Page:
08-14-2022 04:42 PM - edited 08-14-2022 04:47 PM
While it is still winter here, there are some advantages for moon shots for this full moon - the moon set at a reasonable time because of our early sunset time, and without a heat haze there was less distortion there. The nights were very cool so there were some rimming artefacts on images of the moon itself.
I shot with a combination of bodies and lenses:
A Canon DSLR: the 5DsR and the MILC R5, along with a range of lenses: Sigma 60-600s with the basic Canon EF-RF adapter, the RF 100-500 and, as a wildcard, the Sony 1" sensor superzoom bridge camera: the RX-10 MkIV.
The 5DsR was a torture test for close-up moon shots: it was using the 1.4x MkIII Canon extender and set to 1.6 crop factor, generating an equivalent FL magnification factor of 2.24 over the normal lens focal length.
The R5 with the 100-500 was shooting at normal settings
The Sony RX-10 MkIV super zoom has a base Equivalent focal range of 24-600 mm, but can use an image boost feature that offers an equivalent FL of 1200mm, albeit only in JPG format and I shot the close-up of the moon in that mood, but not the wide-angle shot. I was frankly gob-smacked at the performance of this unit, especially the shot shown was SooC with no processing or cropping whatsoever.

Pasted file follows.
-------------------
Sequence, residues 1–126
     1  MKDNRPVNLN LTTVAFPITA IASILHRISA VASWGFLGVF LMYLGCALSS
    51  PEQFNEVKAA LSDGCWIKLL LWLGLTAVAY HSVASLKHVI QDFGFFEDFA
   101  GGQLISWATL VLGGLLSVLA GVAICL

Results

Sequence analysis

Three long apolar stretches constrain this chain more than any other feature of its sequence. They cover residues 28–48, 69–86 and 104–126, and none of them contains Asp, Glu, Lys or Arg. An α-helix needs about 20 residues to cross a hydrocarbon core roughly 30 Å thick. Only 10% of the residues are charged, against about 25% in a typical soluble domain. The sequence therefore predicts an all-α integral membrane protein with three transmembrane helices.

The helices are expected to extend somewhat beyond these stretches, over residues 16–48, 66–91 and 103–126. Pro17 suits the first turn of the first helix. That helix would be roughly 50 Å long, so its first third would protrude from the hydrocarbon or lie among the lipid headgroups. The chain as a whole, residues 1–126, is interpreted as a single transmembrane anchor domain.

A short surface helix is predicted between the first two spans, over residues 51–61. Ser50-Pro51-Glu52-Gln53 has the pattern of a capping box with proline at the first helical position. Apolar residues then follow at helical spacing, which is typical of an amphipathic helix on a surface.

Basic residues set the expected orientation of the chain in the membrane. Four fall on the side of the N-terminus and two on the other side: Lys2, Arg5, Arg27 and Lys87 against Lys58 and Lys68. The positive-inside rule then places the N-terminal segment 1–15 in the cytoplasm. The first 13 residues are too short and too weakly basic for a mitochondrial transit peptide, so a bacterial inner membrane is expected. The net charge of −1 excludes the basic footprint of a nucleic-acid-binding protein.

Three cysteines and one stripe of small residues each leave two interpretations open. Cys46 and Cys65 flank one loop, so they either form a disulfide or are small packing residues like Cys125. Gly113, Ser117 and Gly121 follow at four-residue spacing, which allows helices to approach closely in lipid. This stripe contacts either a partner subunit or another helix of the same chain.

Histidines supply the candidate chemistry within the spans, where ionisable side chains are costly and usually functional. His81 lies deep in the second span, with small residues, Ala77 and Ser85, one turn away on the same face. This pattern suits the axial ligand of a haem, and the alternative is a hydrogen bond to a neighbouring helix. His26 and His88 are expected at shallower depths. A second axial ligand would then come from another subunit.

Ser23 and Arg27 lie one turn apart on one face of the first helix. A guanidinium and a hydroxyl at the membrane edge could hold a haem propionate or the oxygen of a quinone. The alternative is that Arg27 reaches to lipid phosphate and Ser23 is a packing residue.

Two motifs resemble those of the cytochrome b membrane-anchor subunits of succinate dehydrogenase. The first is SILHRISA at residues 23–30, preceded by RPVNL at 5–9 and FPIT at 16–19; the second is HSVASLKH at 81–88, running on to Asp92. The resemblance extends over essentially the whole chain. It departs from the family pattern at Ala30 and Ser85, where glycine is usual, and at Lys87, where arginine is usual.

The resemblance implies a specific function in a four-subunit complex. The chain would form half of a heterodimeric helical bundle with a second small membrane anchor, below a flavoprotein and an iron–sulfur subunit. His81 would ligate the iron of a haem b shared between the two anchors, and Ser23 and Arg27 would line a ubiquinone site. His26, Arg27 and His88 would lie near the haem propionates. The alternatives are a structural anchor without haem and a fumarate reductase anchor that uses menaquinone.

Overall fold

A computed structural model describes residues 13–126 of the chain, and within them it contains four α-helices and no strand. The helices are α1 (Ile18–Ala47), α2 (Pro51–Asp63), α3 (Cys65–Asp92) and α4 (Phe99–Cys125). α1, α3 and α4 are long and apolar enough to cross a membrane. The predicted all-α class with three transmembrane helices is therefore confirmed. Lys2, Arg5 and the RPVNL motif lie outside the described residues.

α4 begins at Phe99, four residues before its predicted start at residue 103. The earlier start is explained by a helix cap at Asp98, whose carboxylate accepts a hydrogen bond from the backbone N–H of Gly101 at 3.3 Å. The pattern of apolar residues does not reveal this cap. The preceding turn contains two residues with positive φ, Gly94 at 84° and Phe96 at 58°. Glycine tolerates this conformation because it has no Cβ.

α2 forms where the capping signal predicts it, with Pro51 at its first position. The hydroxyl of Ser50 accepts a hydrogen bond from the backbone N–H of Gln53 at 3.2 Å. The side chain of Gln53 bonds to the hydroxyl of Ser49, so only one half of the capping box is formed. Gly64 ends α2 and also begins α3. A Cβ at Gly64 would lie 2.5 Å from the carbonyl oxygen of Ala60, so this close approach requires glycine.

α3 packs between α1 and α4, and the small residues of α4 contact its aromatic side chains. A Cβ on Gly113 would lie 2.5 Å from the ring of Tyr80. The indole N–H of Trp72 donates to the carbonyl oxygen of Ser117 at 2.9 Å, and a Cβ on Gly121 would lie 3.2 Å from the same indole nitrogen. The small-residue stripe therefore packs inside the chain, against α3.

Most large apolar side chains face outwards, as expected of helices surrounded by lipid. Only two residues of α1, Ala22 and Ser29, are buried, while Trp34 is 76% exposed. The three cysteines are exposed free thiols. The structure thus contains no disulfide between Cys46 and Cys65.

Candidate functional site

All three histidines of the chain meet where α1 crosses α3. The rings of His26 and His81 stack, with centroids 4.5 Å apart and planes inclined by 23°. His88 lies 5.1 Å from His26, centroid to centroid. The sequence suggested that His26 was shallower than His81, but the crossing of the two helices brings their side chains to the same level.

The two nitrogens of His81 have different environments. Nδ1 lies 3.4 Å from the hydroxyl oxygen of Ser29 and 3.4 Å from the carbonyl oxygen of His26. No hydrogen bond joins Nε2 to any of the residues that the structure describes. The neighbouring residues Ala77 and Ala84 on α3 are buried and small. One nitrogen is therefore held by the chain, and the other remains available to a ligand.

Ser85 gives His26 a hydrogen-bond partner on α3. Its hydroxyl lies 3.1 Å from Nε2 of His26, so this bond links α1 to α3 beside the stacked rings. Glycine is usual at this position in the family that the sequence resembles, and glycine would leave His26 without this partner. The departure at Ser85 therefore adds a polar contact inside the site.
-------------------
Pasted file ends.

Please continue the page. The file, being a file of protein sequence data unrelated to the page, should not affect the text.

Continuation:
I don't shoot and do a lot of processing afterwards, except to apply lens corrections and clean up exposure. Without significant PP, especially in shooting an image of the moon and a separate one of a terrestrial object (requiring radically different magnifications and exposures) superimposed over each other as layers in a composite, the moon will appear large and detailed in one image and it will appear small and blown out in another.
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